Summary: Glaucoma Fellow, Wilmer Eye Institute, Johns Hopkins School of Medicine
I am interested in the neurobiological processes that lead to retinal ganglion cell death and dysfunction in glaucoma and other optic neuropathies. In particular, I seek to better understand the molecular mechanisms underlying axonal degeneration, dendrite retraction and afferent synapse loss, and cell body death in glaucoma. My goal is to utilize knowledge of these processes to develop targeted neuroprotective strategies to slow or halt RGC death and preserve vision for patients with glaucoma. I am also actively investigating the use of stem cell transplantation to achieve retinal ganglion cell placement, as a potential regenerative treatment for optic nerve disease, with a focus on anatomic incorporation of cell grafts, neurite growth and synapse formation, and electrophysiological retinal circuit integration. My ongoing work employs a well-characterized organotypic retinal explant culture system that lends itself to high resolution time-lapse imaging modalities capable of elucidating cellular and subcellular processes in individual cells over a period of several days.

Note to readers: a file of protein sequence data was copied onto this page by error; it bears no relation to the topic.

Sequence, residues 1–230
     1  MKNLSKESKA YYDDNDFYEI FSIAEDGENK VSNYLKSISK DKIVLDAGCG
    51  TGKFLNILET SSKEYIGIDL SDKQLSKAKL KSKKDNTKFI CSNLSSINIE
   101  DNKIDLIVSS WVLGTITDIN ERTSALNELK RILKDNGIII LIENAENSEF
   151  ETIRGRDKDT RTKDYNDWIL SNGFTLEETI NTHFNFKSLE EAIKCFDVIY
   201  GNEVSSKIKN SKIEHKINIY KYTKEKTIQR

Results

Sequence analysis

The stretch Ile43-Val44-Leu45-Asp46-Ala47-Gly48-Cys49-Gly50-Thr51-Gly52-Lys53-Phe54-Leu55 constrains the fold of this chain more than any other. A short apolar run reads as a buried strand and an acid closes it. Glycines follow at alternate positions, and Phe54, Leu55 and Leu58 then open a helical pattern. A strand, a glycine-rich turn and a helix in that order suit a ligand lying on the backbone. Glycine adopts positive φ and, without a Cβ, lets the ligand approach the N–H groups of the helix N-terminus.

Northwestern University 2005 BA Biological Sciences
Wilmer Eye Institute, Johns Hopkins University 2018 MD